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Book Review: Ready Player Two by Ernest Cline

Book Review: Ready Player Two by Ernest Cline

Ready Player Two is the slightly more mature, but no less blinkered, early years teen to Ready Player One’s enthusiastic and nerdy kid who can’t stop giving you every known detail about their favourite thing – even though you stopped caring or comprehending what they were on about several minutes ago. It continues Wade/Parzival’s story as he and the rest of the High Five remake the world in their image using the vast wealth they have inherited from winning Halliday’s contest. Going their separate ways for the most part, they’re forced to reunite when a new contest is activated where the prize is The Siren’s Soul.

If you loved Ready Player One, with it’s abundance of 80’s pop culture references, built in Wiki summaries, white men with more ideas than sense, and a video game-style contest using challenges based on obscure knowledge about a fictional character and his favourite 80’s things, then Ready Player Two is exactly what you want it to be. Though try not to be put off by the Bambi-esque progressive steps into diverse representations of gender and sexuality, even if they are unfamiliar and sound too politically correct for you.

The story picks up right where the first left off, then does a bunch of time jumps within paragraphs and chapter sections that make it hard to know if 3 or 30 years are supposed to have passed; I think it’s about 5 years but I can’t be sure. It does take a significant and necessary step forward from the first book, which was published in 2011. The world, and likely the author, has been exposed to more modern conversations of gender, sexuality and race. There have also been advances in the representation of women in gaming and nerd culture (though it is certainly not where it needs to be and involves plenty of misogyny and hate). These aspects have been taken on board by Cline and are reflected in his protagonist Wade (you can tell this because Wade literally says that he has learned new things like how gender and sexuality are more complex than man and woman, gay and straight, etc).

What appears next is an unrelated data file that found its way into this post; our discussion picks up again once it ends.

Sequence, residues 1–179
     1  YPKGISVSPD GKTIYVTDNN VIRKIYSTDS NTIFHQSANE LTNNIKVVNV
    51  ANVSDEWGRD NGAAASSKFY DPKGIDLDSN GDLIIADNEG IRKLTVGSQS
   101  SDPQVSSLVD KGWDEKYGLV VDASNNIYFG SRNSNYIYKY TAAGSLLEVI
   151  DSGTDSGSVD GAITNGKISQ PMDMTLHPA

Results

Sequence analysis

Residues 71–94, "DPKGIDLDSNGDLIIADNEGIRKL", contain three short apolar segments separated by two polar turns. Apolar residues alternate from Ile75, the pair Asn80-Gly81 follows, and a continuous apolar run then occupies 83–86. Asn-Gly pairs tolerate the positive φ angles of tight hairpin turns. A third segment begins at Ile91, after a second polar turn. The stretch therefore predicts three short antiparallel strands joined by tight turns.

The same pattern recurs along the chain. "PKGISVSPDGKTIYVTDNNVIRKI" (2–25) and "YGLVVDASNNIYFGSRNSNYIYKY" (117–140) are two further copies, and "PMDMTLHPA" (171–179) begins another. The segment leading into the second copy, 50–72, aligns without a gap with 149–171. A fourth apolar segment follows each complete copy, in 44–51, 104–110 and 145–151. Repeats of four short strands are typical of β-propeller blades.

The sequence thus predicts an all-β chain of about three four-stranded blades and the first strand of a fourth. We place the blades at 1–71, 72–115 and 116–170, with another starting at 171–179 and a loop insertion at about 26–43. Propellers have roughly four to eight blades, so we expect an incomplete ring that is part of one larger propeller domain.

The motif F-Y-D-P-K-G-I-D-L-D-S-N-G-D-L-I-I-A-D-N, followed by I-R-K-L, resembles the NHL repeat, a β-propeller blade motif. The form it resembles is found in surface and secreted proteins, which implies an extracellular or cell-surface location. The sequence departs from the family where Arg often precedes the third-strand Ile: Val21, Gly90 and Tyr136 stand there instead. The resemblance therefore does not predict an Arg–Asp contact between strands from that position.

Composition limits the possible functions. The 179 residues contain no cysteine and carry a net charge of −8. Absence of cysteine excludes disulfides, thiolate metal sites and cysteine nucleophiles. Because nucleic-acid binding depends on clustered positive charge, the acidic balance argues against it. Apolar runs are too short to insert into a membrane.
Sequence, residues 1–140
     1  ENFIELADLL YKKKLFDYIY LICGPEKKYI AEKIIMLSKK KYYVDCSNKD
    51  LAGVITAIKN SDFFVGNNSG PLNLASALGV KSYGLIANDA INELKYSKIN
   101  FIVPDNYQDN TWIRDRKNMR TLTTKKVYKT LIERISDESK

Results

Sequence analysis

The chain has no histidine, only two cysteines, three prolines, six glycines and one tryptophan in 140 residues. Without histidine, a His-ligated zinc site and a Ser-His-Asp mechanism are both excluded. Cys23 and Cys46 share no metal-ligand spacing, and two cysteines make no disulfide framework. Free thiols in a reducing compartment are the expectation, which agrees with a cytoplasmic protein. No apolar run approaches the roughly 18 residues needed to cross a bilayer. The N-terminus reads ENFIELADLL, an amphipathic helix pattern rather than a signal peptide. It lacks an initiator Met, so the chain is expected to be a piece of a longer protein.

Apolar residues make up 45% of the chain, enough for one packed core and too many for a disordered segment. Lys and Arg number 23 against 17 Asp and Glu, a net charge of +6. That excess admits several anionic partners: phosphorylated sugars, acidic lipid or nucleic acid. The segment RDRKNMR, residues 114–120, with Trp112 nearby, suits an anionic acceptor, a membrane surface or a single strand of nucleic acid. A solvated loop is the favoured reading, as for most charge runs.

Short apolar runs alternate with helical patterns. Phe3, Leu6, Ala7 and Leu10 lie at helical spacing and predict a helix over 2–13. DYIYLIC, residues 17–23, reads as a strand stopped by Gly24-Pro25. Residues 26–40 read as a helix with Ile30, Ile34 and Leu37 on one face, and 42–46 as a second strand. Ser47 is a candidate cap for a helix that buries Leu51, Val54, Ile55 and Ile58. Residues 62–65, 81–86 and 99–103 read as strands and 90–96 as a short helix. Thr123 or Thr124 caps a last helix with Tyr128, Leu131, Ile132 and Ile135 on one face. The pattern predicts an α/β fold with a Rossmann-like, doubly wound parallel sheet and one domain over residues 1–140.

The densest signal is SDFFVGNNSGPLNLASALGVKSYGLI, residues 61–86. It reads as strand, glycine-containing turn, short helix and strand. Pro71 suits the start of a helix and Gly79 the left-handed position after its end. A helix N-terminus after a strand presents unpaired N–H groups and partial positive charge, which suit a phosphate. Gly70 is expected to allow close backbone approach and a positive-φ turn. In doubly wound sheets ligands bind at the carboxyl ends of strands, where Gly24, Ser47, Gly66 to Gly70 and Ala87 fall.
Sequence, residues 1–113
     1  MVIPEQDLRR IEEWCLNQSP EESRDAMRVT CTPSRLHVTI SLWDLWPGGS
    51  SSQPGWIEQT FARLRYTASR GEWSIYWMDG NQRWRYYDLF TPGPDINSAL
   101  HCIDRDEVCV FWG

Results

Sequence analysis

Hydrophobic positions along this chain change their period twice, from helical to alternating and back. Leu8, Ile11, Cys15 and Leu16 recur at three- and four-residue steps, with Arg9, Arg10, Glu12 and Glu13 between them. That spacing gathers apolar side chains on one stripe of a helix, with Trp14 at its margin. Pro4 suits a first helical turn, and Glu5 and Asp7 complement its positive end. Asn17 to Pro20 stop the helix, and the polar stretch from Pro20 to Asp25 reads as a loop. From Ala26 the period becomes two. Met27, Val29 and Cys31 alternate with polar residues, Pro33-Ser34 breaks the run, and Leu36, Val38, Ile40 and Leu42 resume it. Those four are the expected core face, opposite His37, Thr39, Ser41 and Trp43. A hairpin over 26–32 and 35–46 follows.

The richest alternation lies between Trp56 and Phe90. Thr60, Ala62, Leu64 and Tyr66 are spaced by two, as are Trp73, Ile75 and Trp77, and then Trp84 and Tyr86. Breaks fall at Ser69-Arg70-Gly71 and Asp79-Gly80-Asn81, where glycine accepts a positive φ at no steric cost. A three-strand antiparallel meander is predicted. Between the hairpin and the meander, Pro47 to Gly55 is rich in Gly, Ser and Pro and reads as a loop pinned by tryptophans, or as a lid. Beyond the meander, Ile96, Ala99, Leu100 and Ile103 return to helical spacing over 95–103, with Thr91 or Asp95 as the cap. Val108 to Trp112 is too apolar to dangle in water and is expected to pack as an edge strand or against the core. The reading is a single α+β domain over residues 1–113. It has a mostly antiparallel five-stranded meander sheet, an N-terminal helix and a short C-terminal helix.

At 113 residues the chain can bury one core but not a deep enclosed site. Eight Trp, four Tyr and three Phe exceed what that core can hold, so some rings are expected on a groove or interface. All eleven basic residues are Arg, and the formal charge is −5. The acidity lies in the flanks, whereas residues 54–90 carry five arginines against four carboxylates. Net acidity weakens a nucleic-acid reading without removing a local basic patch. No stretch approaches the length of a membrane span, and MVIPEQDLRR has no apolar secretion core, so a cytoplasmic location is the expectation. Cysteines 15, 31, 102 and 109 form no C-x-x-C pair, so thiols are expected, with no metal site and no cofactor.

Creating another quest full of riddles for Wade, Shoto, Aech and Samantha to go on makes sense for the sequel. Their lives are (mostly) in the Oasis for its gaming, and the addition of a rogue villainous AI and a countdown to solve the new quest avoids a complete retread of the first novel. However, the characters do seem to conveniently forget about this temporal deadline at regular intervals, even with lives on the line, veering into the absurd at moments when tensions should be highest.

One of Cline’s characters does manage to become the voice for many of the casual enjoyment readers. Samantha, aka Art3mis, scolds the other three for their self-indulgent choices, despite them feeling they are benevolent uber wealthy people, and at all the key story points warns about the dangers of their actions. She also somehow still manages to be kind and compassionate, even though Wade is more often than not needing to be shaken back to reality and given a stern yelling at.

Wade’s pseudo self-awareness is baffling and very forthcoming. He openly explains his personal growth and shortcomings in a way that does make sense in the context of the book as a whole, but still doesn’t really go the whole way to excusing it as a narrative style. Similarly, Wade learning that Halliday might have been a terrible, creepy person who made a revolutionary technology does suggest he’s been grappling with morality. On balance, his actions at almost every turn shows that he hasn’t really understood that if you know the difference between right and wrong, the next step is to not do the wrong thing. Simply knowing the difference isn’t enough; it’s all very Eleanor from season one of The Good Place.

Ready Player Two is a lot like it’s main character. Both have developed in interesting and, arguably, admirable ways. Yet there are also large gaps in comprehension of newly learned concepts that causes uncontrollable eye-rolling. In terms of story, fans of the first book will get their deep dives into tech, games and the 80’s, and those who discovered Cline’s work via the movie adaptation will find there’s plenty of action and references to satisfy what they loved. It’s an enjoyable book, but nothing to rave about.


Ready Player Two was published by Century on 24 November 2020

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